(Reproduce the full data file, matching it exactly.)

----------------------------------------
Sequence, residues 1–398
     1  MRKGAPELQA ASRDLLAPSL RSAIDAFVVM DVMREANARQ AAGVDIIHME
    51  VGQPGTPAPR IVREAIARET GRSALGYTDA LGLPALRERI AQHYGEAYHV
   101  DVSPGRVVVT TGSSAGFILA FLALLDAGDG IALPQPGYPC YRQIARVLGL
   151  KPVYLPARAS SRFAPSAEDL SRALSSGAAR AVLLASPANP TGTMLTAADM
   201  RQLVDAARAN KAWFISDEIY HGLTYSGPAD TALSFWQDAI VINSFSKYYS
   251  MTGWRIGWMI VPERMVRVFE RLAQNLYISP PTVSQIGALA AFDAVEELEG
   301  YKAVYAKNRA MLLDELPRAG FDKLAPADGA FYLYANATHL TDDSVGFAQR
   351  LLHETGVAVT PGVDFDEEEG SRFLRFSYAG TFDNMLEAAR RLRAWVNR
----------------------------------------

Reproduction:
Sequence, residues 1–398
     1  MRKGAPELQA ASRDLLAPSL RSAIDAFVVM DVMREANARQ AAGVDIIHME
    51  VGQPGTPAPR IVREAIARET GRSALGYTDA LGLPALRERI AQHYGEAYHV
   101  DVSPGRVVVT TGSSAGFILA FLALLDAGDG IALPQPGYPC YRQIARVLGL
   151  KPVYLPARAS SRFAPSAEDL SRALSSGAAR AVLLASPANP TGTMLTAADM
   201  RQLVDAARAN KAWFISDEIY HGLTYSGPAD TALSFWQDAI VINSFSKYYS
   251  MTGWRIGWMI VPERMVRVFE RLAQNLYISP PTVSQIGALA AFDAVEELEG
   301  YKAVYAKNRA MLLDELPRAG FDKLAPADGA FYLYANATHL TDDSVGFAQR
   351  LLHETGVAVT PGVDFDEEEG SRFLRFSYAG TFDNMLEAAR RLRAWVNR